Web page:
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Thursday, 9 June 2011

Rent Review – The Only Way is Up

One of the most important parts of a commercial lease is the rent review clause – there will nearly always be one where the lease is for a term of more than 5 years, and there may even be one where the term is shorter.

When I started out back in the 80’s - when we went to work on horseback and the only items on your desk (apart from mountains of paper) were a ‘phone, a dictating machine jammed with mangled tape and a pile of “while you were out” messages of varying vintage – the norm was the 25 year lease with upwards only open market rent reviews every 5 years; a classic investment model.

The crucial thing about an upwards only rent review clause is that – like it says on the tin – the rent can’t go down, even if the open market value of the rent is lower than the existing rent (which these days is very often the case), in which case the existing rent will just stay the same.

Rent reviews were originally introduced to combat the high levels of inflation after World War II. They also underpin investment value because they protect the owner against fluctuations in the market.

The typical clause will set out a procedure for the parties to follow to try to reach agreement, but if they can’t, the clause will provide a way for resolving disputes, usually requiring an independent valuer or arbitrator to assess the rent on the basis of a hypothetical lease and certain assumptions and disregards.

Fast forward to the second decade of the 21st century and the most common form of rent review clause (now available for viewing on your iPhone) is still the upwards only open market kind.

Average lease term lengths however have reduced considerably. BPF/IPD figures published by the RICS showed the average term in 1999 at 14.3 years, but by 2009/10 this had come down to only 5 years – and so in many new leases there may well be no rent review at all. What is more, roughly 30% of new leases contain tenant break clauses.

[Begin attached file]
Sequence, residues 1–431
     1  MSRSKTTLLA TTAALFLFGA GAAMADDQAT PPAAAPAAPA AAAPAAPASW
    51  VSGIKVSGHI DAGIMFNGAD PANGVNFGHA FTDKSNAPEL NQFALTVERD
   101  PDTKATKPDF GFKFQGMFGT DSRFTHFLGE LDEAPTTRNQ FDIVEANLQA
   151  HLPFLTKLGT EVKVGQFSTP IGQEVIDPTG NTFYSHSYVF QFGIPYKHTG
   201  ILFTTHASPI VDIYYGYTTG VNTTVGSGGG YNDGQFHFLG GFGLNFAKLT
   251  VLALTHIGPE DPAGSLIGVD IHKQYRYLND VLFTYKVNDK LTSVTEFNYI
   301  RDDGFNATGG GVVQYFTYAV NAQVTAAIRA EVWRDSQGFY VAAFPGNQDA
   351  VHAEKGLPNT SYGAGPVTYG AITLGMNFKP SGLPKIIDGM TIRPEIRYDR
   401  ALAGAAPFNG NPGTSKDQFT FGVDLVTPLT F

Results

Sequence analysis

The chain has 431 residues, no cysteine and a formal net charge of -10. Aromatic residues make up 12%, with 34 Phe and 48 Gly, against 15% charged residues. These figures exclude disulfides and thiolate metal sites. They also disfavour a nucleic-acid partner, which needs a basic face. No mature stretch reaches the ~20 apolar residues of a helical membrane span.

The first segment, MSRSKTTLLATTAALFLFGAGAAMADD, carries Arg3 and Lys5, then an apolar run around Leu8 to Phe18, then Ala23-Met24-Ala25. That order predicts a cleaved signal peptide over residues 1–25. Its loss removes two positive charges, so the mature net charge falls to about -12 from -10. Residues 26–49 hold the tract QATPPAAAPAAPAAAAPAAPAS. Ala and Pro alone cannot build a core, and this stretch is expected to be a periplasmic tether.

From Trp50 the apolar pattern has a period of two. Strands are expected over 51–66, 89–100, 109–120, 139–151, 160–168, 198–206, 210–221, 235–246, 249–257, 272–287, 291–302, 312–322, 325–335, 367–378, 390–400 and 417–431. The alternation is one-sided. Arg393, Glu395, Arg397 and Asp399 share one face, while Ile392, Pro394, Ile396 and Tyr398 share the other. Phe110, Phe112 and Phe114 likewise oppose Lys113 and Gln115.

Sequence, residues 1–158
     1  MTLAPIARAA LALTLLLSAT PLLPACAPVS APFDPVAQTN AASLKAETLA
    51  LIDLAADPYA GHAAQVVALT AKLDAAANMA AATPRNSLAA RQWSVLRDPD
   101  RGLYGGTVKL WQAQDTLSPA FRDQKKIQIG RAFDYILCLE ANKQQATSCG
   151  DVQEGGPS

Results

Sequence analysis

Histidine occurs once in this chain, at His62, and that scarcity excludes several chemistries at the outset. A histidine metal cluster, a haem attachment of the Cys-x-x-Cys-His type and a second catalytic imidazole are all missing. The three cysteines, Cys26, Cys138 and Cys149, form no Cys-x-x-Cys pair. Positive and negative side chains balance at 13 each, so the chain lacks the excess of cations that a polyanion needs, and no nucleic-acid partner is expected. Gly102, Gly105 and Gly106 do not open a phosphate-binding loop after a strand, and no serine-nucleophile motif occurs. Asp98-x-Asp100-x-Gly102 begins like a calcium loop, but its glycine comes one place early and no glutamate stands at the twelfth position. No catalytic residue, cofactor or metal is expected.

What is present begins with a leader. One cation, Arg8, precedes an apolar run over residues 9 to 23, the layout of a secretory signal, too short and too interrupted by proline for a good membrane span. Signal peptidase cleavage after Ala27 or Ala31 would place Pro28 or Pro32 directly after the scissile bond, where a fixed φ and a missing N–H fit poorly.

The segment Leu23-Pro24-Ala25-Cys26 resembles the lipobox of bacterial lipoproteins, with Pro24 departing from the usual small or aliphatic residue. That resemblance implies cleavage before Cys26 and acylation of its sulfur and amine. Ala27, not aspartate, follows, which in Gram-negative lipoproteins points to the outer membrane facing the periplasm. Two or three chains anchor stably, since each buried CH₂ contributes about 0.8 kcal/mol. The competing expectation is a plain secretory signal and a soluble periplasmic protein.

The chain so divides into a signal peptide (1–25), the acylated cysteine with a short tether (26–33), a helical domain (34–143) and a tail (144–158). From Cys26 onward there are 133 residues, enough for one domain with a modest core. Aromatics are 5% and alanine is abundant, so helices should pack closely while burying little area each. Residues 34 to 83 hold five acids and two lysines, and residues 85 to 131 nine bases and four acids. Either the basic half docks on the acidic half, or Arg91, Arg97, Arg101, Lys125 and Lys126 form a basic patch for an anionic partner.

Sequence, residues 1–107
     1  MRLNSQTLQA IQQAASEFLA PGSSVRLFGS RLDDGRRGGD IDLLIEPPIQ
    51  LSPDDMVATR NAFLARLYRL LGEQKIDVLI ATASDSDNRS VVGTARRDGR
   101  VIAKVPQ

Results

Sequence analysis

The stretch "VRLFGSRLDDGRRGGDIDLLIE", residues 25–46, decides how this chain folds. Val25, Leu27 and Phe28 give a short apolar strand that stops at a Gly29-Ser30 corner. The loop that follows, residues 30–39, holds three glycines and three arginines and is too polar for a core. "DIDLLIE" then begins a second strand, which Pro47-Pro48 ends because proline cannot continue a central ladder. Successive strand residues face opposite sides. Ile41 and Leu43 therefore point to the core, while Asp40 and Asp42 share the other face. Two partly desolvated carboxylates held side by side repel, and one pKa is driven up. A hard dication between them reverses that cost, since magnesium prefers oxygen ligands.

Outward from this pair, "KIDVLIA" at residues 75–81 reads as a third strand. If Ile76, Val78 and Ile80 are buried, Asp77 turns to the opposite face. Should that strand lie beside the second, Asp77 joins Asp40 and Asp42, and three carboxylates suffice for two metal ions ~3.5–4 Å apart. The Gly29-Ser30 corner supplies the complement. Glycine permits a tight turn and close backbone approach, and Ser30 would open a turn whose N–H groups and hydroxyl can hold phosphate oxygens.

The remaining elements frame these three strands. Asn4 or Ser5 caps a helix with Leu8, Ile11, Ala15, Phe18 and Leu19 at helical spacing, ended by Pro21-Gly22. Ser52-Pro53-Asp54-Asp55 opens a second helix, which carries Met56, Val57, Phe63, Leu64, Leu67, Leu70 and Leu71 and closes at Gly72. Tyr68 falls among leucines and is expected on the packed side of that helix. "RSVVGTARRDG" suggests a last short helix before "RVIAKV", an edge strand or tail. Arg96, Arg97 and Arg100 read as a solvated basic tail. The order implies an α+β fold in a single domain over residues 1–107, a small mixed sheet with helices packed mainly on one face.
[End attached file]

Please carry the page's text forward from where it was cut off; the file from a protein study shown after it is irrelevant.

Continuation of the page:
Does this mean the open market rent review might be on the way out?

A survey carried out at the end of 2010 by DLA Piper for the IPF suggests not yet, although practice varies according to sector.

The UK is unusual in adopting upwards only open market rent review as the norm. In Europe, it is more common to find index linked reviews – where the rent is adjusted on the review date in accordance with the movement of an index, in the UK usually the Retail Prices Index.

The Republic of Ireland has even banned upwards only open market reviews for leases entered into after 28 February 2010 - delighting occupiers, but dismaying investors.

The UK government tried to encourage more variation in rent review methods in the non-binding Code for Leasing Business Premises in England and Wales 2007, where parties were urged to consider upwards and downwards reviews, as well as alternatives like index linking, but by and large the market wasn’t interested, although alternative methods have developed in certain sectors.

Of the various reviewing methods used, the survey found that the following ones tended to apply by sector:-

Open market upwards only – still widely used in office lets, especially in the City and West End of London where market durability makes fund managers more confident of long term performance. Tenants will often be willing to agree to this in return for other concessions. Also still widely seen in retail warehouse leases.

Open market upwards or downwards – this is a “true” open market clause, as it allows the rent to be reduced if the market is on the slide at the time of review. Very rarely seen!

Index Linked – although popular in Europe, in the UK it tends to be favoured more in new properties where there may not be enough comparable properties to assist a valuer on an open market review.

Fixed increases (set out in the lease) – becoming popular in long retail and leisure leases where the high initial fit out costs encourage tenants to seek long term commitments.

Turnover based rents – more common than they used to be, but limited to the retail and leisure sectors. The turnover rent is not reviewed as such, but it will vary from year to year depending on the tenant’s turnover at the premises. Often they have a base minimum rent, which must be paid regardless of turnover, and the base rent itself is often subject to review.

Might rent review in general be on the way out?

It is probably an exaggeration to say that, but if terms are getting shorter and break clauses becoming more widespread, then the relevance of rent review must to some extent be diminishing.

I can’t see the investment market abandoning the rent review model that easily though. If tenants want flexibility, then perhaps it’s more likely to be provided in a break clause.

And if that’s the case – tenants, make sure that if you want to operate your break clause, you do it properly. Failure to get that right can prove disastrous – which is an excuse for me to plug these posts on break clauses again!

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